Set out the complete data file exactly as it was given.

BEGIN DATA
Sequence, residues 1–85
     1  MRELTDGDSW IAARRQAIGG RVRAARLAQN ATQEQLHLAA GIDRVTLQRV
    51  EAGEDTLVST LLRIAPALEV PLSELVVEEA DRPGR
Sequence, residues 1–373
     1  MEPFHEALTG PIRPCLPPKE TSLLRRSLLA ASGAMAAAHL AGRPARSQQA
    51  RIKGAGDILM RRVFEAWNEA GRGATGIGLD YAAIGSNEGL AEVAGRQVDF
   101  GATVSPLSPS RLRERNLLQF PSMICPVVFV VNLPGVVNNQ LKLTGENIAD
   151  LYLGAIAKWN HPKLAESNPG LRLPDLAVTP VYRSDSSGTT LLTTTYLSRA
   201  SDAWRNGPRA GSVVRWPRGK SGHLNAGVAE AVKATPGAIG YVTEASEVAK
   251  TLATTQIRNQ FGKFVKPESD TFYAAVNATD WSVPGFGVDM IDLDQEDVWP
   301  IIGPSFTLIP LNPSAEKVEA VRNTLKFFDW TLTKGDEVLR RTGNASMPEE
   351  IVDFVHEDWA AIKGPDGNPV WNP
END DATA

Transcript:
Sequence, residues 1–85
     1  MRELTDGDSW IAARRQAIGG RVRAARLAQN ATQEQLHLAA GIDRVTLQRV
    51  EAGEDTLVST LLRIAPALEV PLSELVVEEA DRPGR
Sequence, residues 1–373
     1  MEPFHEALTG PIRPCLPPKE TSLLRRSLLA ASGAMAAAHL AGRPARSQQA
    51  RIKGAGDILM RRVFEAWNEA GRGATGIGLD YAAIGSNEGL AEVAGRQVDF
   101  GATVSPLSPS RLRERNLLQF PSMICPVVFV VNLPGVVNNQ LKLTGENIAD
   151  LYLGAIAKWN HPKLAESNPG LRLPDLAVTP VYRSDSSGTT LLTTTYLSRA
   201  SDAWRNGPRA GSVVRWPRGK SGHLNAGVAE AVKATPGAIG YVTEASEVAK
   251  TLATTQIRNQ FGKFVKPESD TFYAAVNATD WSVPGFGVDM IDLDQEDVWP
   301  IIGPSFTLIP LNPSAEKVEA VRNTLKFFDW TLTKGDEVLR RTGNASMPEE
   351  IVDFVHEDWA AIKGPDGNPV WNP